Monday, 2 April 2018

Introducing the Mini-Lathe

For some while now I have been thinking about extending the capabilities of my home workshop with a small lathe, and have been looking at Myfords and the Chinese mini-lathes that have come to dominate the hobby market.

After reading several books and many articles online, I took the plunge with the aid of a bonus from work and bought a RealBull CJ18A from Amadeal. It's a nominal 7" x 14" imperial lathe, perfect for old biking needs.

The lathe comes with a four jaw chuck, as well as the three jaw self centring chuck. I ordered a live centre, a jacobs chuck and a tailstock die-holder as well. I'm using HSS tools from RGD.

It's the two speed type, and has metal change gears in the headstock. You can reverse the spindle at the flick of a switch, which is very useful when machine tapping, and you can vary the speed infinitely. There is a digital display for spindle speed and I have found an app for Android which helps me select the right speed for the job.

There is a cam operated tailstock lock which is useful; I've centred the tailstock using a dead centre against the chuck.

The high/low change lever is behind the headstock, alongside the lever for the leadscrew.

It was clear from the outset that the lathe was going to become a hobby in itself, attracting many enthusiasts with ideas of how to improve and adapt it for other jobs. I've bought a quick change tool post for it already:

It's held in place with one of those long cap screws - I will practice screw cutting and replace the cap screw with a long stud, so that I am not wearing out the compound slide thread and so that I do not need an Allen key every time I want to move the toolpost.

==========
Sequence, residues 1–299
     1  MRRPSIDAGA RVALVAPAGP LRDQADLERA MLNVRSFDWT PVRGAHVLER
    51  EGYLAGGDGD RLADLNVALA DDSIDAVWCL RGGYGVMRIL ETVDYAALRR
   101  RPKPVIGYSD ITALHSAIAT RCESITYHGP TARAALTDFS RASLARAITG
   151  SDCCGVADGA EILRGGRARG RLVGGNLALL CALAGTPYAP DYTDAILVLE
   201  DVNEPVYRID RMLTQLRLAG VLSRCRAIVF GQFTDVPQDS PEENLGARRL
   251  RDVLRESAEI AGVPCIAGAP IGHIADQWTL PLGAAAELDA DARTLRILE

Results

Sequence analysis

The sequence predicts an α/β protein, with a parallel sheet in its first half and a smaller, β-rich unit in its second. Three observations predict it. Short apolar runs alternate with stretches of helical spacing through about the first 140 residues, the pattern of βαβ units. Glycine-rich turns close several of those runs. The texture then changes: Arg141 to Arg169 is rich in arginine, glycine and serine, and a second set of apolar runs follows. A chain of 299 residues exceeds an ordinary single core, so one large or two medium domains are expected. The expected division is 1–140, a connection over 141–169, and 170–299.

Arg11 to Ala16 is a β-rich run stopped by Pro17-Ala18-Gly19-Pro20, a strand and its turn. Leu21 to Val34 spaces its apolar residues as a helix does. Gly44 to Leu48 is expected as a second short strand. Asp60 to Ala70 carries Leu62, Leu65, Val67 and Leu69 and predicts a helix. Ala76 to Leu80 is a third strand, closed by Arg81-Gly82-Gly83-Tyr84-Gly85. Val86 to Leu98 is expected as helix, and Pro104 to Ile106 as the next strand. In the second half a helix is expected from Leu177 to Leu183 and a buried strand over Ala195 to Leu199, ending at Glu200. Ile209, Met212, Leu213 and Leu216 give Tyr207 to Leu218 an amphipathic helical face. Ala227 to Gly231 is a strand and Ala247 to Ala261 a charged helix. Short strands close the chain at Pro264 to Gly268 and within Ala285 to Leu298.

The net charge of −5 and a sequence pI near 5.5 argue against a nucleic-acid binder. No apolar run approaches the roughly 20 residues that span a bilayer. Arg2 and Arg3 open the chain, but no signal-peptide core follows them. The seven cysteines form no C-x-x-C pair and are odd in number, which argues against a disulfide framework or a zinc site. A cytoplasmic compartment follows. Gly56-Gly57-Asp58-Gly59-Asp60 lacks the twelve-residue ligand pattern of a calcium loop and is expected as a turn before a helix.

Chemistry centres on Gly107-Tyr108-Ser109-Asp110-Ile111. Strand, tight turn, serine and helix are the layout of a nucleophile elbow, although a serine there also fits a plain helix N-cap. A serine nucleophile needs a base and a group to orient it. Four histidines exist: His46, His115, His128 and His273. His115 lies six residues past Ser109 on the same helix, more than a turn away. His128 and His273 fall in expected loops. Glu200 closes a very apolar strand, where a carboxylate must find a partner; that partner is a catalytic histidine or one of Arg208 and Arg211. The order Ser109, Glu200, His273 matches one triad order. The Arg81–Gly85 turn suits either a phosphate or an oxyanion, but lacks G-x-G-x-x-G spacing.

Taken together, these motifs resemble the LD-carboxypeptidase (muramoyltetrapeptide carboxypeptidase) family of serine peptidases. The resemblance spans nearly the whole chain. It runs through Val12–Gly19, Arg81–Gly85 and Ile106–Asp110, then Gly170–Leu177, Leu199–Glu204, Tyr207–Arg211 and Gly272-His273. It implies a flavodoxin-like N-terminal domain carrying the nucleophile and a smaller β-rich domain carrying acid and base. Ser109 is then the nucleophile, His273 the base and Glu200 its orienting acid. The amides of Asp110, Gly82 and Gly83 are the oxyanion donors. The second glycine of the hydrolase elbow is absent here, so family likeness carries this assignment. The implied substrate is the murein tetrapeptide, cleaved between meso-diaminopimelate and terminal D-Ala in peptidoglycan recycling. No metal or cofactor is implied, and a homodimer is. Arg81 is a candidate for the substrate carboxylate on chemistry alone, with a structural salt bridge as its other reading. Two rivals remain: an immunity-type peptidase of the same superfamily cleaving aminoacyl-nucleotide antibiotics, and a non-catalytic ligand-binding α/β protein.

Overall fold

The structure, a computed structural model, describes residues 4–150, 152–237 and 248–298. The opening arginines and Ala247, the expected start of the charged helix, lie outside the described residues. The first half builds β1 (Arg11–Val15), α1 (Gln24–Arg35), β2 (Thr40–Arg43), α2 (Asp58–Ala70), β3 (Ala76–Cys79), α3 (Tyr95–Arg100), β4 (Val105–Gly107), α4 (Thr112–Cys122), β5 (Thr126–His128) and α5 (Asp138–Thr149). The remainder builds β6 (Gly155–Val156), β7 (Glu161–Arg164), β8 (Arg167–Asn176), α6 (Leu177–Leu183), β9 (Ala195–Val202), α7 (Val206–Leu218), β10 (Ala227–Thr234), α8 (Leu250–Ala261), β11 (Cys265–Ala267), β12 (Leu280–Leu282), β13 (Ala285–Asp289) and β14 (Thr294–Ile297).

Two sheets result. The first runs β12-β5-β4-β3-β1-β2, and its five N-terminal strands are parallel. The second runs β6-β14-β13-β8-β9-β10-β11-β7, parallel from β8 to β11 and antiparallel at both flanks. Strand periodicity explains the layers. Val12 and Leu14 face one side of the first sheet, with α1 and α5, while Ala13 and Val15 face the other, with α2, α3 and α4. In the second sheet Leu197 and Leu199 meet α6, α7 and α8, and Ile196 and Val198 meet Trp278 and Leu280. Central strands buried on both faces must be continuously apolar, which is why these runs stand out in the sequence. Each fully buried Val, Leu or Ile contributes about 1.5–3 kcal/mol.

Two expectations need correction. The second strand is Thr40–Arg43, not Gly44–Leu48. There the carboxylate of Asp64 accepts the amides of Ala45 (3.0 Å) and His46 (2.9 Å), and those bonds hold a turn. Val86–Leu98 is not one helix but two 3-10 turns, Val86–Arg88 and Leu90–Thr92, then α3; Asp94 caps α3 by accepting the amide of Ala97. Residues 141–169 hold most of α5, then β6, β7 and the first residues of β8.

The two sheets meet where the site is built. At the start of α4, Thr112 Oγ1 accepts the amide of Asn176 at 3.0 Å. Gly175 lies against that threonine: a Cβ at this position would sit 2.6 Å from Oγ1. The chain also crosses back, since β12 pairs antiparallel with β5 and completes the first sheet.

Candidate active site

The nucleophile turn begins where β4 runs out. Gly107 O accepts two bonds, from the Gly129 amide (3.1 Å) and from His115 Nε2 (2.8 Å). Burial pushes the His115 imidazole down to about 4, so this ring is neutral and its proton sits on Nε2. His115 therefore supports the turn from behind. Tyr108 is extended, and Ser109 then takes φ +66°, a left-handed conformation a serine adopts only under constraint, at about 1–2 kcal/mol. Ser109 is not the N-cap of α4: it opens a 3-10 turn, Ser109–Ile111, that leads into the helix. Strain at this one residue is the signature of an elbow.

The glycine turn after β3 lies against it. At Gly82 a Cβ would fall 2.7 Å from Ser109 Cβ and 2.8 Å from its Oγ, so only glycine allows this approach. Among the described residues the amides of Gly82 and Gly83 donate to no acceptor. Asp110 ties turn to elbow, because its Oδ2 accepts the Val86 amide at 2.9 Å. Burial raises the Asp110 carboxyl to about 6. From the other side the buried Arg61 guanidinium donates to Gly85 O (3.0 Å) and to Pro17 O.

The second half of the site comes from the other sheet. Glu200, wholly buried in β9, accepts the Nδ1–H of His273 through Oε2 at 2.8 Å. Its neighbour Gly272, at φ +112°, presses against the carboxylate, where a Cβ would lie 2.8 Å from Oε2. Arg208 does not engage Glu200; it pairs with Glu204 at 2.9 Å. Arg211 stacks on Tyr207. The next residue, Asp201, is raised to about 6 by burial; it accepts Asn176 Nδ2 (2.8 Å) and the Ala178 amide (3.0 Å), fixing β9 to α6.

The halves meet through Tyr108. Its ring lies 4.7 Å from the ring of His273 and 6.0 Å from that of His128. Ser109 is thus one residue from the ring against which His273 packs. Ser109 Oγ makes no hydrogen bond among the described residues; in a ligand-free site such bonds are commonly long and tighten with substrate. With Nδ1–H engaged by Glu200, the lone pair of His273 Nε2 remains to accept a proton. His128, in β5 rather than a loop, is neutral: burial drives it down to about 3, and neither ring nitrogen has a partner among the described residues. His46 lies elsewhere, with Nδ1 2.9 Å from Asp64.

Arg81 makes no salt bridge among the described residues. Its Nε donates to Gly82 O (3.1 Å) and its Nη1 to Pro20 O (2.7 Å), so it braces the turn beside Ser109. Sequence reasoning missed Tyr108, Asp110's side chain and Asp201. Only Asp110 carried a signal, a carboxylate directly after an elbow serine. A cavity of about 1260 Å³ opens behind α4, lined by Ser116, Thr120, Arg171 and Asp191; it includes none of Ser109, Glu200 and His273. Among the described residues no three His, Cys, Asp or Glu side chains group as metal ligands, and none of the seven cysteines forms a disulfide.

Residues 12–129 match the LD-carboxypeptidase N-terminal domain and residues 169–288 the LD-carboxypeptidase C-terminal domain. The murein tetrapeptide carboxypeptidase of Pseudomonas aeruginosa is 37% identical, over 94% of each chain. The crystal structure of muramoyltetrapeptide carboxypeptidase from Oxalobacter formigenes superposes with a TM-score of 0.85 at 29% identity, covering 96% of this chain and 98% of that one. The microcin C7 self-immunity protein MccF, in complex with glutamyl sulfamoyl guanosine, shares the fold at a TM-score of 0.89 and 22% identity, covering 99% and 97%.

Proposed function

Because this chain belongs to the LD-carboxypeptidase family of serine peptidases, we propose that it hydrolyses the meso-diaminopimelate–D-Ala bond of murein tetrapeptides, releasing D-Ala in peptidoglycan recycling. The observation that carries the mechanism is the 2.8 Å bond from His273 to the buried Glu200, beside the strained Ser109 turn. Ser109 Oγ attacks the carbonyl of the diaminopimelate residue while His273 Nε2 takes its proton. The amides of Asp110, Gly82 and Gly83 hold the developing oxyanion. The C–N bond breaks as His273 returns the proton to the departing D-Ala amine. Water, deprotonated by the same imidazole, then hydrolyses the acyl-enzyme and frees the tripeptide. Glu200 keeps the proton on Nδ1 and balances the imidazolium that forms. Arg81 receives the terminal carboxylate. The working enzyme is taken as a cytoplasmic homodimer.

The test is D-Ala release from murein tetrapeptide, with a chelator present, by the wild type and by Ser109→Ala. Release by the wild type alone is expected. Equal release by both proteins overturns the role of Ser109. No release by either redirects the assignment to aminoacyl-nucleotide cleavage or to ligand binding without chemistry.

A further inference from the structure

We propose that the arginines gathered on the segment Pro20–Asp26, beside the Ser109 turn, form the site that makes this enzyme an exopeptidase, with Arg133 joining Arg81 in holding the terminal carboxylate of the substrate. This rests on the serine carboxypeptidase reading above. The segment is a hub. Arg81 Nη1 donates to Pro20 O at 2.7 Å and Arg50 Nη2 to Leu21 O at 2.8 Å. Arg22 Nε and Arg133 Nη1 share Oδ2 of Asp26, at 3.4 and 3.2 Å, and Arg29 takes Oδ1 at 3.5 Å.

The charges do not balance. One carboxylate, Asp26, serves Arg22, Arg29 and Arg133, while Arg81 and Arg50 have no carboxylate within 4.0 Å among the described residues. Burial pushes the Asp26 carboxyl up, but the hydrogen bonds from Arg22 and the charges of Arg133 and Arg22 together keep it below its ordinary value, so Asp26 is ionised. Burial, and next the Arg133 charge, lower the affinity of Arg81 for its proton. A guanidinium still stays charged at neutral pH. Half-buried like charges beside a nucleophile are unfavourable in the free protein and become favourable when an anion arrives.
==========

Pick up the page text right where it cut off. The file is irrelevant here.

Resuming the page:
The first job was to make a couple of stand-offs to improve the location of the chuck guard:

And I have made a sheet aluminium guard to keep the worst of the turnings off the bed ways and leadscrew.

This is about the only useful thing I have used it for so far - I have trued up the tommy bar I filed from scrap...

There's a long list of jobs waiting for it:
  1. Suspension washer
  2. Wheel nut spanner - waiting drawings 
  3. Hub ring spanner
  4. Door knob screws
  5. Oil can spouts
  6. Magneto pinion puller
  7. Handlebar lever spacers
  8. FH brake linkage parts
  9. Front number plate mounts
  10. Push rod tube seal adapters
  11. Chip protector
  12. Tool post stud - waiting material
  13. Damper rods
  14. Carbon steel engine bolts for the SQ4. I want to replace the stainless ones and use some chemical black, to get them back to the original appearance
I've made a new page for the Mini-Lathe, to record details & links relating to lathes, tools and accessories. I'll blog the jobs I do with it here as usual.

1 comment:

  1. Don't know why but like you I find lathe work very satisfying. I use a friends lathe for (many) bits and pieces but would love to have my own.
    If you don't mind me asking, what sort of price did you pay?
    I've had several "finest hours" turning. Top one is making a hub cone adapter for my Cyclemaster, where I used the lathe as a milling machine.I put a side and face cutter in the chuck and mounted the previously turned part in the tool post, then used the cross slide to traverse the part over the cutter. I then used the tool height adjuster to give the slit width I required. It worked a treat!
    Good luck with your turning.

    By the way don't forget to use a full face mask. I always do, since I saw a colleague catch a parted off stub in his mouth. We picked his teeth up from the floor but they wouldn't go back in!